Parents Behaving Badly in Youth Sports
My children have been involved in competitive sports for many years now. My husband and I are both involved as volunteer coaches and have been since the onset. However, it never ceases to amaze me how badly – hideously, ridiculously – parents behave in the presence of competition. Even when this “competition” involves 4- and 5-year-olds.
Parents behaving badly has been epitomized by shows such as Dance Moms and Toddlers and Tiaras. And while the “entertainment” factor of those shows is pretty good – the bottom line is that the behavior is just plain awful. And sadly, it isn’t just saved for television.
Every year that we have coached softball, we have dealt with parents who have no idea how to behave. They truly think they are the only person on Earth, and don’t seem to care about the example that their actions are setting for children. And not just their children – but the other children that are present as well.
I have seen parents yell (YELL) at their 5-year-old t-ball player for missing a ground ball. (Ummm hello, he’s 5!) I have seen parents hollering at other parents, or the coaches who volunteer their time to help the kids out. I have witnessed parents getting into fights at softball tournaments. And I have seen first hand the horrific and detrimental effect this behavior has on the kids, sometimes separating friendships and almost always hurting the children first and foremost.
When a parent yanks a child off a team, or stomps out of a practice, or yells at a coach or teacher, or has completely unacceptable expectations of their child, the child is one that suffers. And worse, for the kids involved, there is embarrassment. Nobody wants to be known as the kid with the psycho mom, or the son of the dad who shouts obscenities during basketball games – or the daughter of the whack job mother who complains when her child doesn’t get to play 1st base.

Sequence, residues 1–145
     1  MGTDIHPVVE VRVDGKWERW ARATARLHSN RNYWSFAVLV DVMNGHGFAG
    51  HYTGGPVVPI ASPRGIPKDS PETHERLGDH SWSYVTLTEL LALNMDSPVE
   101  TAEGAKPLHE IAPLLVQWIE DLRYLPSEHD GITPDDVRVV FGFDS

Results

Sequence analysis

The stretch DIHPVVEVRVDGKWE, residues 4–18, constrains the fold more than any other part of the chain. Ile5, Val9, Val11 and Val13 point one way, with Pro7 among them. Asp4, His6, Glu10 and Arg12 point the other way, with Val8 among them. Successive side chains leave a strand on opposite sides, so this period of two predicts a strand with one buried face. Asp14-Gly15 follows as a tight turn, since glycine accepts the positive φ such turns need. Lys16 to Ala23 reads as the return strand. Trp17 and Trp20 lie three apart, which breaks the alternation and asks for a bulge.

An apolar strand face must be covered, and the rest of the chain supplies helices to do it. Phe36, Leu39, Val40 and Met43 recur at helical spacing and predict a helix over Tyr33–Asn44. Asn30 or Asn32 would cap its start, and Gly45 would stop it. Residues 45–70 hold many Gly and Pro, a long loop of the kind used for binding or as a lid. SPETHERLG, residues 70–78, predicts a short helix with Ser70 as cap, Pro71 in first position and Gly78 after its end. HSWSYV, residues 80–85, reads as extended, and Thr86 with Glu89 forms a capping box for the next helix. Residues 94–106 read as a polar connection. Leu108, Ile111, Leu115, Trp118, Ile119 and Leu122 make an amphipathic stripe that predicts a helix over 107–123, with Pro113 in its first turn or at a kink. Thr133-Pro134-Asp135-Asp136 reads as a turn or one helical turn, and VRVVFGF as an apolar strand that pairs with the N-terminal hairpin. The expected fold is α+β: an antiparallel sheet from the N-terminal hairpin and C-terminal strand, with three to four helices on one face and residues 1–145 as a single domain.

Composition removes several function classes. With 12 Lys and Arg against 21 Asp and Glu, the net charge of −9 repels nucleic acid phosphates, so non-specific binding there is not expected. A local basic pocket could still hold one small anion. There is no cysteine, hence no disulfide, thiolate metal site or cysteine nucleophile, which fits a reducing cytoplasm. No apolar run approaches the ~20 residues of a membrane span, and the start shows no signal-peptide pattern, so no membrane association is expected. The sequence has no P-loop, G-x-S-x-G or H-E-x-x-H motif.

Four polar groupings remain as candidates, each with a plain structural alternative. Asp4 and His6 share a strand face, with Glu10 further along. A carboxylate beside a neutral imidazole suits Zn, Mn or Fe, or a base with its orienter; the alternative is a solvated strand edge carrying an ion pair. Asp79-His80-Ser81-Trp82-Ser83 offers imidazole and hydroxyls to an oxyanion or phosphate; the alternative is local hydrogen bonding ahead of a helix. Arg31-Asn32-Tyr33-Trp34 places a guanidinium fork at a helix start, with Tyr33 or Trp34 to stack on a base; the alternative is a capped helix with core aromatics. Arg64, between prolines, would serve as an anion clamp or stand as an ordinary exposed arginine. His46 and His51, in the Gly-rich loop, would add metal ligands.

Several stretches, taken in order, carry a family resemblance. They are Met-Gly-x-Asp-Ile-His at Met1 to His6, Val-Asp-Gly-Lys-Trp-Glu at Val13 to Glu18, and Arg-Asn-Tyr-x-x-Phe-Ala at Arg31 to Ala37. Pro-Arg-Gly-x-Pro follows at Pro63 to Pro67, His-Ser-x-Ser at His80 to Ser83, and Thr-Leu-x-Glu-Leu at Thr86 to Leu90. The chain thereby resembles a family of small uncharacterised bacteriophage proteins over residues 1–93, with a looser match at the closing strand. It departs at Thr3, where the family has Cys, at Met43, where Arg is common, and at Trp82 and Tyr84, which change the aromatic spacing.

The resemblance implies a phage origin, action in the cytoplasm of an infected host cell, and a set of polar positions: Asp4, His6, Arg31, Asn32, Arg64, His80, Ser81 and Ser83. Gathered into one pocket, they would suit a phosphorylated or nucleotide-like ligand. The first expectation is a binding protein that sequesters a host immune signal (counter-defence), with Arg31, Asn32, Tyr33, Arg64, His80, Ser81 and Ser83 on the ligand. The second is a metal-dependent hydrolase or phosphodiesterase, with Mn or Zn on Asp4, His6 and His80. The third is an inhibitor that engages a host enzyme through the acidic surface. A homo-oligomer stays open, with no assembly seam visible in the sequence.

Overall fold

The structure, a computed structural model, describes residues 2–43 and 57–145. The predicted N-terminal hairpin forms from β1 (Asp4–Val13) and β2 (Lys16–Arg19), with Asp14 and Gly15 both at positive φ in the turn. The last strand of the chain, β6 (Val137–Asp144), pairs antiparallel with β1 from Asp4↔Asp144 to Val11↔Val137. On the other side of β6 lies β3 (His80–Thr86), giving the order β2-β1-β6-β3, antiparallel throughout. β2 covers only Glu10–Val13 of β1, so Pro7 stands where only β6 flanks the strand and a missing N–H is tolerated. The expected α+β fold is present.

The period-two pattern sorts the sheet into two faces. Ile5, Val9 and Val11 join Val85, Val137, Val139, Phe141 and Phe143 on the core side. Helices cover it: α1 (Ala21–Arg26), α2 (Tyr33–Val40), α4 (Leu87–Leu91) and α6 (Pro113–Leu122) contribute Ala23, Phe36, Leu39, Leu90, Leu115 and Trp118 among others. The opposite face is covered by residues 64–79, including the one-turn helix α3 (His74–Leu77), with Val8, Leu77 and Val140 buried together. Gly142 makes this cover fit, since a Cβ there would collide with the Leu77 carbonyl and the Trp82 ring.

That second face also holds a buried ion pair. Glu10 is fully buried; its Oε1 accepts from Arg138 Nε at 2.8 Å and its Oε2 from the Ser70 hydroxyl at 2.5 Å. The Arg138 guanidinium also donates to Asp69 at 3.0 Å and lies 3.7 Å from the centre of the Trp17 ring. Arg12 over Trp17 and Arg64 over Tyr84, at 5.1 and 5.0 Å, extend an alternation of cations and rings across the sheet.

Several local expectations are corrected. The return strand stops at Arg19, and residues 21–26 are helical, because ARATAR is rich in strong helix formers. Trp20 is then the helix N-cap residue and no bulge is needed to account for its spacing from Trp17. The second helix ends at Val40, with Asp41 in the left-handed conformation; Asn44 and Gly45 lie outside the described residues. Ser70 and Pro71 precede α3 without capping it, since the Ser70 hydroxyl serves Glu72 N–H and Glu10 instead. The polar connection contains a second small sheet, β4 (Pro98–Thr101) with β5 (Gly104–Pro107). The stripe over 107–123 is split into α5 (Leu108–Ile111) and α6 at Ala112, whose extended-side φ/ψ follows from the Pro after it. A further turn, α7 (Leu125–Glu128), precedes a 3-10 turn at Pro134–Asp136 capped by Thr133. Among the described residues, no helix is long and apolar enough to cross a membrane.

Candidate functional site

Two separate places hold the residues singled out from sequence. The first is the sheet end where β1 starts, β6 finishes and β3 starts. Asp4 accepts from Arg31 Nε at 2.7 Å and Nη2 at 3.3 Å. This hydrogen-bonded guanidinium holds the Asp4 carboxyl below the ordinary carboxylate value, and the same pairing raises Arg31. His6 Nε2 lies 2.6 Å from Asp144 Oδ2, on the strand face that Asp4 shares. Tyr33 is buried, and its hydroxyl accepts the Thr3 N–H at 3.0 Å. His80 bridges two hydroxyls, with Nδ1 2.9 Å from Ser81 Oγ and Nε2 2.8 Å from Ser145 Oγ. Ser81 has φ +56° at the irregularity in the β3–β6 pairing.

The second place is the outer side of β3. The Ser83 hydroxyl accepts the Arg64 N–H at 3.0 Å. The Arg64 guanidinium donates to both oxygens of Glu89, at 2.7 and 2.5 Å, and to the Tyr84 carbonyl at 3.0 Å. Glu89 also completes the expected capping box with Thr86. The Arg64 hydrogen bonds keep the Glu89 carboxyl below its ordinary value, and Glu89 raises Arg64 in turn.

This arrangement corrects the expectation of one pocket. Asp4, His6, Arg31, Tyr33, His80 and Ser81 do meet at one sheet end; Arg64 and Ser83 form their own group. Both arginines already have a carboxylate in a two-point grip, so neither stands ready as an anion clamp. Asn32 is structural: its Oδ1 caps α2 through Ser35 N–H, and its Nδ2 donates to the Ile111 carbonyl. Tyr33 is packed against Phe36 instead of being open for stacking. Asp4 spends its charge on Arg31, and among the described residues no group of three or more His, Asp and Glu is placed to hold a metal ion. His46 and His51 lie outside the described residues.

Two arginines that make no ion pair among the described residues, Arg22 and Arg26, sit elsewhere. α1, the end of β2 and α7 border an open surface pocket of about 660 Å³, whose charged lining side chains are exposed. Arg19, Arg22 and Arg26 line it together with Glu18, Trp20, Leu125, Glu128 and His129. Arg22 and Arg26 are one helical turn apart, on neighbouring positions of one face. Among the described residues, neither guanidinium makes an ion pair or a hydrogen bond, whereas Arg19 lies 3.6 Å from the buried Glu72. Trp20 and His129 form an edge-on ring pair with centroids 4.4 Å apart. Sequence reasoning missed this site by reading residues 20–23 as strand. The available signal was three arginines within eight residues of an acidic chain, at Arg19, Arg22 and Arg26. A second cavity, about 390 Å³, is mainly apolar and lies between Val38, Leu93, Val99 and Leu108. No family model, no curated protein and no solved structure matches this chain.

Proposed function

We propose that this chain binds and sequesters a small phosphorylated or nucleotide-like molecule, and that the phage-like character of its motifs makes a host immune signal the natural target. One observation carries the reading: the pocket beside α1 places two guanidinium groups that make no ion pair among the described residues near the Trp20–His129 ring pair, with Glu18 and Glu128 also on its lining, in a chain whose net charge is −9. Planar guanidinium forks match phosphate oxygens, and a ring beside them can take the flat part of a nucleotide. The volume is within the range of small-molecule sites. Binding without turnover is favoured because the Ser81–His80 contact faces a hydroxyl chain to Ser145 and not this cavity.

In many ways, evident by the manner in which parents behave at competitive events, the world of parenting has become selfish and primarily self-serving. Every mom and dad wants his or her child to be the star. Parents are pushing harder than ever to get their kids to the top of some imaginary ladder, but the rungs are being pulled out from under the kids as they climb. And in the end, it only serves to motivate kids to quit.
A recent study from the National Sports and Recreation Association showed that beyond the age of 11, enrollment numbers for kids who play common sports such as football, soccer, softball, and baseball drop by as much as 61% compared to that of 8-year-olds. In other words, kids are being burned out before they really even have a chance to find out what they are successful at and passionate about. And the blame rests on the shoulders of these crazy parents who sit on the sidelines.
I, for one, am all for extracurricular activities. I believe whole-heartedly that involving your children in activities they love is important for their development. However, too many parents are living vicariously through their children, making asses out of themselves, and ruining the excitement for their children.
When rec departments and community sports leagues are forced to constantly ratify laws and bylines – or even cut programs altogether in order to maintain control of parental behavior during these events – it really is a crying shame.
Do you have any examples of parents behaving badly? Have you seen parents of toddlers completely lose their mind over a t-ball or football game?